4. A motion to vacate a conviction based on a claim that you received ineffective assistance of counsel (i.e., bad legal advice).

7.3. What is cancellation of removal?

Even if you are unable to obtain any form of post-conviction relief, you may still be eligible for something called “cancellation of removal.” An application for cancellation of removal would be dealt with in US Immigration Court, not in a criminal court.

You may be eligible for cancellation of removal only if you are a lawful permanent resident--that is, a “green card” holder--and you meet all of the following requirements:

  1. You have had your green card for at least five (5) years,
  2. You have lived in the U.S. continuously, with some legal immigration status, for at least seven (7) years, AND
  3. You have not been convicted of an aggravated felony.60

7.4. How do President Trump’s immigration orders affect immigrants with deportable convictions?

In January 2017, President Donald Trump issued several executive orders on immigration designed to increase the number of immigrants deported from the U.S.

The most important feature of these orders for immigrants with California deportable crimes on their record is the Trump administration’s decision to end former President Obama’s Priority Enforcement Program.

Realistically, U.S. immigration authorities in recent years have not had the resources to deport every immigrant who is technically deportable under criminal immigration law. So DHS focused its energies on locating and deporting immigrants with more serious deportable crimes on their record--such as gang offenses, aggravated felonies, or three or more misdemeanors.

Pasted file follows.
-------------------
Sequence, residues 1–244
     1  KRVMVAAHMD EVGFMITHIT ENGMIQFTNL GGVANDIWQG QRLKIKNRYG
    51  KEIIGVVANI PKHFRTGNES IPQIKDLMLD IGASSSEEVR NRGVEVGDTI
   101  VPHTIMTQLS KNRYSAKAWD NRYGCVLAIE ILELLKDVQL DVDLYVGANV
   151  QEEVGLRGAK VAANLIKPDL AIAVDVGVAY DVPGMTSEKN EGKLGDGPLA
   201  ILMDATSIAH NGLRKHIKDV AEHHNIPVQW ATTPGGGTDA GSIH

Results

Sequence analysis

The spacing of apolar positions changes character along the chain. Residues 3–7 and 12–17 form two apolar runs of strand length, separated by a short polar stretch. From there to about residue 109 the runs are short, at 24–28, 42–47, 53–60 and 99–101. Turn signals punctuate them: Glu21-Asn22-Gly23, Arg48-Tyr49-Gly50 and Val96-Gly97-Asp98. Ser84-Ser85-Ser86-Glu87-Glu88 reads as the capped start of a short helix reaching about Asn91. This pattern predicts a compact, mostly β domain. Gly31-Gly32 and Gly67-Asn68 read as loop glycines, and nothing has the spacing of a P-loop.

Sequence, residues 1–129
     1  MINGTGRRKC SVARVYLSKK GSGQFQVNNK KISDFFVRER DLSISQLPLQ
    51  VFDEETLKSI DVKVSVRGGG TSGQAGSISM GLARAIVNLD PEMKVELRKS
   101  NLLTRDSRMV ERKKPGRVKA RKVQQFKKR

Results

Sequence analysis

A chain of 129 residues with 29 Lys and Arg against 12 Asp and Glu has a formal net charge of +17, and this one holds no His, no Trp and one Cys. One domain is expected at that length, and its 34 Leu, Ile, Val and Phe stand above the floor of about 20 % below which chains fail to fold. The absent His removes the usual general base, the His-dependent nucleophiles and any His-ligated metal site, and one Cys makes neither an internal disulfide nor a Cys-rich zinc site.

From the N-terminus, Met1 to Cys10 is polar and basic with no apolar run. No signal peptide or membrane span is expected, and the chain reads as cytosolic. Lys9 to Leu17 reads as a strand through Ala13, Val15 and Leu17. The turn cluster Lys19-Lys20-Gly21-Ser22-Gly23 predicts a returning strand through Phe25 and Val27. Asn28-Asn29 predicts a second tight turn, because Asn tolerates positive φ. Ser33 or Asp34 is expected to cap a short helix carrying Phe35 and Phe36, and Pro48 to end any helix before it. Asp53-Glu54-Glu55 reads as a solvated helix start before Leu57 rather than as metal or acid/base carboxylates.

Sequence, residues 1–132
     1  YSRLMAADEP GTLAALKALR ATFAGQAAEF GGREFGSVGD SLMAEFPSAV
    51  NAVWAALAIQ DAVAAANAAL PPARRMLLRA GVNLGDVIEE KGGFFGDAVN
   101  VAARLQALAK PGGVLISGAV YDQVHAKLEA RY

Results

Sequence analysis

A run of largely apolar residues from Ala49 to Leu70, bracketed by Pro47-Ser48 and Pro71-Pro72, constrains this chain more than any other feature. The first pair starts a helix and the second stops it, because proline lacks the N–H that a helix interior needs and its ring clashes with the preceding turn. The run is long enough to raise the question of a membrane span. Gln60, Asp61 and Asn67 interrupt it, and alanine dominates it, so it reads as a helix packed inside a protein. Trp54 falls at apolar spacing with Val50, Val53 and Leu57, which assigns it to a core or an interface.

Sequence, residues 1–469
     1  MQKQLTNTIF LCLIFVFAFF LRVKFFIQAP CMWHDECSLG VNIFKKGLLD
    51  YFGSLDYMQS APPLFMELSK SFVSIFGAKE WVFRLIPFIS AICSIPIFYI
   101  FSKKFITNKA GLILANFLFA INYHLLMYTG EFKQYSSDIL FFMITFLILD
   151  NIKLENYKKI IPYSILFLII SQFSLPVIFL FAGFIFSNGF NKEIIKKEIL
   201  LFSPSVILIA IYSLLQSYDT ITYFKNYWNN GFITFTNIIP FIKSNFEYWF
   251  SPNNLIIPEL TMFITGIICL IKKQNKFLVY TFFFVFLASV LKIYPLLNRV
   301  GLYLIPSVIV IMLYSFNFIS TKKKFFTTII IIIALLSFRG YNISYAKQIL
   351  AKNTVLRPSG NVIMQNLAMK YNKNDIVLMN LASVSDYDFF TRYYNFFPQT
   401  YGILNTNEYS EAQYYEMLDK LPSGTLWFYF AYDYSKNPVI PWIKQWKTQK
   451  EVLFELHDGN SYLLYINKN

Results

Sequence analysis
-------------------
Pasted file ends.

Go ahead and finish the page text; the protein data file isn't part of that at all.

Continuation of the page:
But the Trump administration has discontinued the Priority Enforcement Program. Instead, Immigration and Customs Enforcement (“ICE”) is supposed to focus its resources on all deportable immigrants with any criminal conviction. This would include both:

  • Undocumented (illegal) immigrants who have been convicted of or charged with any crime, and
  • Documented (legal) immigrants who have been convicted of any deportable crime--including minor controlled substances offenses.

President Trump has also restored a program called “Secure Communities,” which had been discontinued by former President Obama. Under the Secure Communities program, local law enforcement agencies are supposed to send fingerprints of arrested suspects to federal immigration authorities--and detain the suspects for up to 48 hours if asked to do so by ICE.

This program will probably make it easier for ICE to identify immigrants who are deportable because of a conviction for a deportable crime.